[Edu-sig] Re: Whither PyGeo?
jmillr at umich.edu
Mon Nov 1 21:42:35 CET 2004
I've never had the opportunity to play with PyGeo, partly because there
wasn't a particular need to, and partly because I was waiting for it to
arrive at a newer release state. However, there is a *possibility* (not
yet even a probability) that I'll be able to begin teaching beginning
Python programming to middle schoolers either in Feb. or Sept. 2005.
So, I'm casting about for materials to use, and PyGeo would definitely
be on my list if Arthur were able to whip it into shape for release.
So, this message is meant primarily as one of encouragement to make a
newer version available that incorporates all of its improvements. But
also I'm wondering if there are any underlying issues with PyGeo, as
it's evolved, that would benefit from a discussion here? (I guess I'm
primarily wondering about its suitability for younger beginning
programmers, its API, etc.)
On Oct 30, 2004, at 6:00 AM, Arthur <ajsiegel at optonline.net> wrote:
> Just thought I'd throw out a Python success/failure story.
> The failure part:
> Have not gotten it together to issue a new release of PyGeo for almost
> years. Not that I haven't been tinkering with it constantly, and
> working on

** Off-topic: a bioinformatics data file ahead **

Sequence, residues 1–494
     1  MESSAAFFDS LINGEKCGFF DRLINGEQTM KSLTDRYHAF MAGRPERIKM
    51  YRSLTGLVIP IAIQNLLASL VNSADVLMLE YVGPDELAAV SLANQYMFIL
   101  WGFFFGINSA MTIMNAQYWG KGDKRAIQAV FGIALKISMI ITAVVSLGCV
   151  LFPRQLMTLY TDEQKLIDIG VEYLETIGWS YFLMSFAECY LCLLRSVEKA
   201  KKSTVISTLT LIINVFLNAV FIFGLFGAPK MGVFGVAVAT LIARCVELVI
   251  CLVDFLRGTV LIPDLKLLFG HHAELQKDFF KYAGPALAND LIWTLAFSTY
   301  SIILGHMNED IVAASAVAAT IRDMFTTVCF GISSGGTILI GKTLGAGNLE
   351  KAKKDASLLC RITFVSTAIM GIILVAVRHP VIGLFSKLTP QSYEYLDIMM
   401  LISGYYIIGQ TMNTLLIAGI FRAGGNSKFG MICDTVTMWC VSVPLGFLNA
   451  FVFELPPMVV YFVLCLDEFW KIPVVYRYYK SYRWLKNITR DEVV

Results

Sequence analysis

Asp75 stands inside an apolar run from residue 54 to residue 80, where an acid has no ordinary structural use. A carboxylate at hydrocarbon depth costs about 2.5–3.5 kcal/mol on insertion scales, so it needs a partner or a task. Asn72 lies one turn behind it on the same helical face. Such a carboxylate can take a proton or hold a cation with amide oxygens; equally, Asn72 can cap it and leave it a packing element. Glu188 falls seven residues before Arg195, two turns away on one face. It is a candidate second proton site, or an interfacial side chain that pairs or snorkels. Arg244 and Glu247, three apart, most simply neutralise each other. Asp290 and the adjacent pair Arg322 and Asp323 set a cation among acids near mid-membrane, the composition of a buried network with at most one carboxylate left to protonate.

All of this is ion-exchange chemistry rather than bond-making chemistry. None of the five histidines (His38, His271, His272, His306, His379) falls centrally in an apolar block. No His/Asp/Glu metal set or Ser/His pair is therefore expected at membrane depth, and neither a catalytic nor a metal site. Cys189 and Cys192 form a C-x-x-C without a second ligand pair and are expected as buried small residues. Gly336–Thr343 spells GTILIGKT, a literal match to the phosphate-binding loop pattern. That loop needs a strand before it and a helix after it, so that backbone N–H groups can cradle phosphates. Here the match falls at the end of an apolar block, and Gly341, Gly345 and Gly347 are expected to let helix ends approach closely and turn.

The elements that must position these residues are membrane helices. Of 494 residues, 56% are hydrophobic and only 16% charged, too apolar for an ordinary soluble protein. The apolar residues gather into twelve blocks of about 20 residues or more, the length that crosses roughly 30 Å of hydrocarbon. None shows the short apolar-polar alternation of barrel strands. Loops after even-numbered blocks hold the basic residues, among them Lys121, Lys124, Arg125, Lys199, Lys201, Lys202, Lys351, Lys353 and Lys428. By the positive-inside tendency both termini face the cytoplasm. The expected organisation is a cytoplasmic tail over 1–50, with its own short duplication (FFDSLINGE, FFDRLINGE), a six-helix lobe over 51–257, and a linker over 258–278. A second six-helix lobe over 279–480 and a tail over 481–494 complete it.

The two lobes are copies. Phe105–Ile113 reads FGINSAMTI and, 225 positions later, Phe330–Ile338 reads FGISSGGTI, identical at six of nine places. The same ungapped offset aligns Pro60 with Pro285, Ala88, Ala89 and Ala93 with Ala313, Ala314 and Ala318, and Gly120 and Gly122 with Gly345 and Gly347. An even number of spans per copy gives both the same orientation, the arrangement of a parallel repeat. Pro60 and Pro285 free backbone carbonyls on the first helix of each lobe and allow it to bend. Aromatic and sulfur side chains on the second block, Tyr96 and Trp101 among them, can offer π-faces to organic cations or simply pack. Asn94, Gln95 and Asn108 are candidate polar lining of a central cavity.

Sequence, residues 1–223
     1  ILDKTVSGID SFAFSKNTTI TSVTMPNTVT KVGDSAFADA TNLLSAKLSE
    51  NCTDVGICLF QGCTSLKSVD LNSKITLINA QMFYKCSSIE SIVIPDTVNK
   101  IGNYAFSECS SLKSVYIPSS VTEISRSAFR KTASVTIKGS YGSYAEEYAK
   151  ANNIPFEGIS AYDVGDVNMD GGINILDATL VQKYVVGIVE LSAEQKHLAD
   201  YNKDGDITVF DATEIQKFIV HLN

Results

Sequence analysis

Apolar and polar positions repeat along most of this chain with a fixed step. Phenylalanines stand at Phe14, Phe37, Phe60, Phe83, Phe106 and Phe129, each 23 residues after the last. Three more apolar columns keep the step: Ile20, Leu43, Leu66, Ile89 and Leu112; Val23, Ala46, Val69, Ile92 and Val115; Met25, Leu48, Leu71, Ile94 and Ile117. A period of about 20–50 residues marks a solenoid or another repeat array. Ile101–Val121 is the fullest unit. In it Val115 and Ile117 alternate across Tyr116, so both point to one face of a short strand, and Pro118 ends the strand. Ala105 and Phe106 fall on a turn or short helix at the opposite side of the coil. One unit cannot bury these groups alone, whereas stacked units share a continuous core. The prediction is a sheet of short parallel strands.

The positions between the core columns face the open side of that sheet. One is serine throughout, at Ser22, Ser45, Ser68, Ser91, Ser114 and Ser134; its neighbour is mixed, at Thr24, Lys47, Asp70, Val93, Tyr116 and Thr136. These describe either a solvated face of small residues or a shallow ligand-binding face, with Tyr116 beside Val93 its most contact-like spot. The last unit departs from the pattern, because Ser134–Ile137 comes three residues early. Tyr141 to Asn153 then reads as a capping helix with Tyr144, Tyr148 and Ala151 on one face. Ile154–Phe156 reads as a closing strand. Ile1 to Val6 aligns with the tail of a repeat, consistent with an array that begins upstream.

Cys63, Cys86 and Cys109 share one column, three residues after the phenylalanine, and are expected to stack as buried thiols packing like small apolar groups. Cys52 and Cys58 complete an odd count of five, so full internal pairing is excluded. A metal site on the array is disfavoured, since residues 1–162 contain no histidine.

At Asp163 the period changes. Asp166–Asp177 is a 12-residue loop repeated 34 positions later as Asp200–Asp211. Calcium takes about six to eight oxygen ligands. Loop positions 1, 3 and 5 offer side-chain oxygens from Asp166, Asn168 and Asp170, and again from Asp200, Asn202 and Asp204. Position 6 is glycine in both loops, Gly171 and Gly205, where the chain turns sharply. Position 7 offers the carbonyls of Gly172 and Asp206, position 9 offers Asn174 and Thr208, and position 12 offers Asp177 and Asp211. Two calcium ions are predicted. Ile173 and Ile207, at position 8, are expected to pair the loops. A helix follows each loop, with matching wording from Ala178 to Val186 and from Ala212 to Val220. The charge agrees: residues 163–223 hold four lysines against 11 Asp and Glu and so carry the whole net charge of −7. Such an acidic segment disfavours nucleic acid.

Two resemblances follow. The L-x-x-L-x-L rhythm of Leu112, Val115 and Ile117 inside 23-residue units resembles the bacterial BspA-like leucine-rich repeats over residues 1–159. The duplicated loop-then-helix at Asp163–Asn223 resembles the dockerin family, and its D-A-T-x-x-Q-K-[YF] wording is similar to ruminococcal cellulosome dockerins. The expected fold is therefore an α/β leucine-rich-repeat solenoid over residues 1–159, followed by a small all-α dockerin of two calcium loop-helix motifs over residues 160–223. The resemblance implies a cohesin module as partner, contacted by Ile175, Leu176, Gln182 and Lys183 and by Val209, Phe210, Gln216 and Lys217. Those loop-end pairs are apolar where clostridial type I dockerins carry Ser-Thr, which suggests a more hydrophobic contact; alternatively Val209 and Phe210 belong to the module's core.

> some other essentials like decent docs, etc. And not that I still don't
> think it's cool (and gotten significantly cooler). But it ain't there
> The success part:
> The main reason I have not had to time to polish off a release of
> PyGeo is
> not surprising - I gotta make a buck, and that has to take priority,
> that takes time. The surprising part, to me, is how I'm making a buck
> days - largely as a developer. Which is a pretty full circle mid-life
> change that I seem to have pulled off. I'll never be a developer in the
> sense that many in the Python community are. But I've pulled off some
> decent stuff where the problem domain was financial. I seem to able to
> compensate for modest development skills with strong background in
> financial issues, and have as a result developed a word-of-mouth
> development practice successful enough to keep me away from much time
> PyGeo, but with a family fed.
> And while I do not develop in Python professionally - most of the
> I've developed, I've developed in Python. And any code I'm writing, I'm
> thinking in Python, and translating as necessary.
> Thought I owed Python at least that little testimonial.
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